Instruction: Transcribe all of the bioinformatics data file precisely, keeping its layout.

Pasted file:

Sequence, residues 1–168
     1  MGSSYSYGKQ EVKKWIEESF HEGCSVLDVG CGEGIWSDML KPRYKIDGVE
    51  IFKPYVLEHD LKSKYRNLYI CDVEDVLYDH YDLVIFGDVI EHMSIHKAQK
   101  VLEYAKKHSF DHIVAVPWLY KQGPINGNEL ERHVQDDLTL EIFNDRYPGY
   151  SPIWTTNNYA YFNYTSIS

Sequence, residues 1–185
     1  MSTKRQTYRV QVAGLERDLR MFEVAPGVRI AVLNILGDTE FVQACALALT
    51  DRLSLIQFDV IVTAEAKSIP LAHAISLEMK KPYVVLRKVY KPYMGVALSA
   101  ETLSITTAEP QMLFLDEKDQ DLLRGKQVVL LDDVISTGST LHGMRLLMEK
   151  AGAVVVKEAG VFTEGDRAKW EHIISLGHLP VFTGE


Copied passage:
Sequence, residues 1–168
     1  MGSSYSYGKQ EVKKWIEESF HEGCSVLDVG CGEGIWSDML KPRYKIDGVE
    51  IFKPYVLEHD LKSKYRNLYI CDVEDVLYDH YDLVIFGDVI EHMSIHKAQK
   101  VLEYAKKHSF DHIVAVPWLY KQGPINGNEL ERHVQDDLTL EIFNDRYPGY
   151  SPIWTTNNYA YFNYTSIS

Sequence, residues 1–185
     1  MSTKRQTYRV QVAGLERDLR MFEVAPGVRI AVLNILGDTE FVQACALALT
    51  DRLSLIQFDV IVTAEAKSIP LAHAISLEMK KPYVVLRKVY KPYMGVALSA
   101  ETLSITTAEP QMLFLDEKDQ DLLRGKQVVL LDDVISTGST LHGMRLLMEK
   151  AGAVVVKEAG VFTEGDRAKW EHIISLGHLP VFTGE